Then in college I started devouring Bret Easton Ellis novels, and became totally obsessed with Los Angeles, and this lasted for years. (Although his favorite novel of mine, The Rules of Attraction, actually takes place in New England, and not Los Angeles; go figure.) I'm still totally fascinated by that city, and its cultural and ecological implications. I used to really crave the fast pace, and "glamour," and the sort of inherent danger that underlies everything about that city. It all just seemed so sinister and cloaked in conspiracies and intrigue. That sounds incredibly boring and silly to me now, but at one time, I loved the drama of it. The real drama.

Anyway, then I eventually moved on to Pittsburgh, for which I have Michael Chabon to blame. So I went there, did that, and I'm over it. Now it's Miami. Part of it is because I've been reading a Joan Didion book called Miami, a collection of essays mostly about the Cuban life and politics there, and how Miami is pretty much the only truly Latin American city in the United States. The Cuban population and the Anglo population seem to live there in an understood non-acknowledgement and prejudice, even though they both influence each other's lives completely (and at least at the time of the book, the mid-80's, the Cuban population there was almost 60%!). It seems like a really interesting place, and if you want intrigue, drama and danger, there you go. In the 80's, the crime and drugs were so rampant that security (like personal body guards, private alarm systems, and weapons themselves) became pretty much the number one economy, and it was about as close to a police state as any American city probably ever has been or will be again. I don't think it's so bad anymore, and I don't think the politics are what they were anymore, either, but I'm not really sure.

Whenever I decide to take another vacation by myself (which I'm really itching to do again), I think Miami is where I will head. Maybe I should have been an anthropologist. Cities fascinate me. Their histories, their politics, the way cities all develop a unique personality, generally stemming from how they began, or their geographic properties (which are often one and the same), how they grow and mutate and create reputations for themselves. And until I can actually get back down to Mexico, or South America, which I'm also already dying to do, maybe Miami will suffice. Which also means, of course, that I'm dying to see the new Michael Mann Miami Vice movie. I hope he captures Miami the way I feel he captured Los Angeles in Collateral. That's the main thing I loved about that movie, was the city's presence. Directors who can absolutely bring you into a city and portray the city as a real character and make you feel like that movie couldn't possibly happen anywhere but where it did, I think are true artists and I really respect and admire that.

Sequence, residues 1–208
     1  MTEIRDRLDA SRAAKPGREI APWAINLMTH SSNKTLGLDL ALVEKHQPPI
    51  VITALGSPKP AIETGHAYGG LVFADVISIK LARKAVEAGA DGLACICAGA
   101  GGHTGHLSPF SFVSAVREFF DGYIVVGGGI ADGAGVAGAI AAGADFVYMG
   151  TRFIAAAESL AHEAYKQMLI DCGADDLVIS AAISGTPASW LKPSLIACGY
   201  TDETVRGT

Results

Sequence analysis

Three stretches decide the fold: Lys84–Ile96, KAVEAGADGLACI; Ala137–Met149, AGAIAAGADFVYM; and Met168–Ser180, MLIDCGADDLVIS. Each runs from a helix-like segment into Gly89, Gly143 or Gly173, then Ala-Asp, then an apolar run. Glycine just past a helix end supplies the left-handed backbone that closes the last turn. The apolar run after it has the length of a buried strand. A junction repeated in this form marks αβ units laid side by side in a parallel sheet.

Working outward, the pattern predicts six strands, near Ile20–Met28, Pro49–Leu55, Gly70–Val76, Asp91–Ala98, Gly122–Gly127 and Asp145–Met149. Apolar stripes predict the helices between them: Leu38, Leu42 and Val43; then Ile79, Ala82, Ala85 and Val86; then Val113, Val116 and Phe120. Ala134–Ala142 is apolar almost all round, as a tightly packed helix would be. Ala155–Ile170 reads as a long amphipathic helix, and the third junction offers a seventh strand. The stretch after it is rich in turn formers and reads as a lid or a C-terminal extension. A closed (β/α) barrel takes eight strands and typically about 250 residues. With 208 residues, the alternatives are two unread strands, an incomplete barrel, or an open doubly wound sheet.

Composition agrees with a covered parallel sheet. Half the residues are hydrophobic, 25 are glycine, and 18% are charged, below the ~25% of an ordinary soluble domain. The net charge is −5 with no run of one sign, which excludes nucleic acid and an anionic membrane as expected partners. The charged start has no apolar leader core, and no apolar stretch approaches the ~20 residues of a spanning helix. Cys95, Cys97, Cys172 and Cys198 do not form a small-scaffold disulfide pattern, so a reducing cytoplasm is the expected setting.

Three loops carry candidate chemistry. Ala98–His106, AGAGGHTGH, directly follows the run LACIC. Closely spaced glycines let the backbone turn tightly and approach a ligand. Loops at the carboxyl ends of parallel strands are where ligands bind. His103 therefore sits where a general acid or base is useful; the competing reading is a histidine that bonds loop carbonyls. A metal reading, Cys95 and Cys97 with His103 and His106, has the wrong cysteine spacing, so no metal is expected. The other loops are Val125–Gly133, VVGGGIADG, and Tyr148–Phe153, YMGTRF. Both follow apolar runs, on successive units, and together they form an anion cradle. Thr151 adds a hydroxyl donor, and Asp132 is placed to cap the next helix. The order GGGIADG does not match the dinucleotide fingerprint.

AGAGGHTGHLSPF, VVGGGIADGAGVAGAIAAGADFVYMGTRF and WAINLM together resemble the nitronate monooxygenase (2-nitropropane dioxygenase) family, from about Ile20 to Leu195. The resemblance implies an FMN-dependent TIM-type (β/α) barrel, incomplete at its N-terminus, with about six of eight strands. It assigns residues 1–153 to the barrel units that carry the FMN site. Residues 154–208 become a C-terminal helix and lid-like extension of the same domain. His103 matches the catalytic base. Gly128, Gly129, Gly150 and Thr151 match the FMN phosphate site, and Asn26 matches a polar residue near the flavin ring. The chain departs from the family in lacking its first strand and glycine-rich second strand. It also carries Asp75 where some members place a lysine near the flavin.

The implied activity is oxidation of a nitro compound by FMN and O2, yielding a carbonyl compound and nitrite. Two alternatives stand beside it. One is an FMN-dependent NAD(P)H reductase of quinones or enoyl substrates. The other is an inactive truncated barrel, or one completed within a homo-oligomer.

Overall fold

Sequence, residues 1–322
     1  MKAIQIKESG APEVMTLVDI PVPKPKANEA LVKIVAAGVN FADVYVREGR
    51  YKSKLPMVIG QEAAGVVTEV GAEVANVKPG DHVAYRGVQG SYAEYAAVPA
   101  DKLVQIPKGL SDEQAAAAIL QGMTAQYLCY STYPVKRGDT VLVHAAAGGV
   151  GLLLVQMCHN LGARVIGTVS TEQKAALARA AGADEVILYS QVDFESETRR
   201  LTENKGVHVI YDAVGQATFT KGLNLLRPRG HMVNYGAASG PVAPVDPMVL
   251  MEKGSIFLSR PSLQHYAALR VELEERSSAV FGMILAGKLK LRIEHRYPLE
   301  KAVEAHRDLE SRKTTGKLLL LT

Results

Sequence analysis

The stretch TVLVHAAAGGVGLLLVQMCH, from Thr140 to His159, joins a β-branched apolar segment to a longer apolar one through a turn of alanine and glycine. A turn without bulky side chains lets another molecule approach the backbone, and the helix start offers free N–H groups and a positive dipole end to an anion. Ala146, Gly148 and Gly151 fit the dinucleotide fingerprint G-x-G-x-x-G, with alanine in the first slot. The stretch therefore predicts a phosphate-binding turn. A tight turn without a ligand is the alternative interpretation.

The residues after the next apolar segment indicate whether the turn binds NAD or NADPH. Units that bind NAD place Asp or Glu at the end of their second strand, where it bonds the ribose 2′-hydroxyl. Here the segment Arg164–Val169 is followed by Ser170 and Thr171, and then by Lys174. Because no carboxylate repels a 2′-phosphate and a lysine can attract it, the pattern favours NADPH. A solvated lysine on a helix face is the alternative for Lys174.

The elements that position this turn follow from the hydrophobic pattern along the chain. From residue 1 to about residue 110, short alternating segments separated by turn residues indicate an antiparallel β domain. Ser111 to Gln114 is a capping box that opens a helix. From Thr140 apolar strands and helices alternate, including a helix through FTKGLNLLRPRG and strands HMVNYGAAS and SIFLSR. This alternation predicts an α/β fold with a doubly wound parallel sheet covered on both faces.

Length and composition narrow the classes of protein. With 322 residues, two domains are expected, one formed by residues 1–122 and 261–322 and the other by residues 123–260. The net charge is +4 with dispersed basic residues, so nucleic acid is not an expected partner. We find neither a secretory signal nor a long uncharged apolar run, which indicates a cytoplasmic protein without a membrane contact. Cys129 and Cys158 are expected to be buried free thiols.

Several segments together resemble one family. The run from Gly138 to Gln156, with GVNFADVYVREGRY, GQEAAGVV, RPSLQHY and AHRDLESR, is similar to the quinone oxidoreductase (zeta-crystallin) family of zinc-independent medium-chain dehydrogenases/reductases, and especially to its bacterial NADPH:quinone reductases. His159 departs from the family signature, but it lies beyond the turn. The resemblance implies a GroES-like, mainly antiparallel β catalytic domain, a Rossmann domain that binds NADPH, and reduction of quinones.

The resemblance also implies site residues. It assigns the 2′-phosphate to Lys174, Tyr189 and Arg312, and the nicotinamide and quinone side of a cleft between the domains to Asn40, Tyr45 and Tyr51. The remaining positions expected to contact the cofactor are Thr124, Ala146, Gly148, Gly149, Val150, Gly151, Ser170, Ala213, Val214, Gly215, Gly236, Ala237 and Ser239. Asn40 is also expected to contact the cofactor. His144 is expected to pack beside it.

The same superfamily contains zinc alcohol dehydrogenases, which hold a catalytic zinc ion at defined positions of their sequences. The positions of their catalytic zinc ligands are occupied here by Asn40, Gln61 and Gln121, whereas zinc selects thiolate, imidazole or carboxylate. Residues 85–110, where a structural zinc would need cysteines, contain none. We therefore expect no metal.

Tuesday, July 04, 2006

Little Earthquakes

Every now and then I'll be reading a book or a story, and I'll come across a quote that literally makes me stop what I'm doing to look up and just ponder what it is I've just read, that hits me with such a fierce and knowing wisdom, that seems both so simple and also like such a complex truth that I'm a little dumbfounded for a moment. It's moments like these that really make me cherish literature and realize that sometimes it's not always the big picture, but the small details that really make up life.

Below are two such quotes that I've read recently that I want to share:

If I had been twenty years older, perhaps, I could have explained that nothing is quite as bad as that, that at the end of what is called "the sexual life" the only love which has lasted is the love that has accepted everything, every disappointment, every failure and every betrayal, which has accepted even the sad fact that in the end there is no desire so deep as the simple desire for companionship.

-Graham Greene

I hold his hands. We're here, right here, as the future closes up around us. Something will happen next. Something always does. We live with unspeakable losses, and most of us carry on. We find new lovers, change jobs, move to another state. We continue to know animal pleasures; we eat and have sex, buy new clothes. Hardly anyone is destroyed, I mean truly annihilated, by loss. We're designed for endurance.
-Michael Cunningham

Sunday, July 02, 2006

I'm back

With mixed feelings. I'm happy to be home (and thrilled that it's been raining all day!), but I already miss Mexico. I can't wait to go back.

Kurt and Meredith picked me up from the bus stop at 7 this morning, and we had breakfast, then I came back to my new home, which I've been setting up all day. I took about a 5-hour nap this afternoon, but I'm thinking of going back to bed soon. I only slept about 2 hours on the bus, and the whole previous week, I'd been sleeping badly, so I guess I've got a lot of catching up to do. My bed felt so wonderful during my nap today. I love it.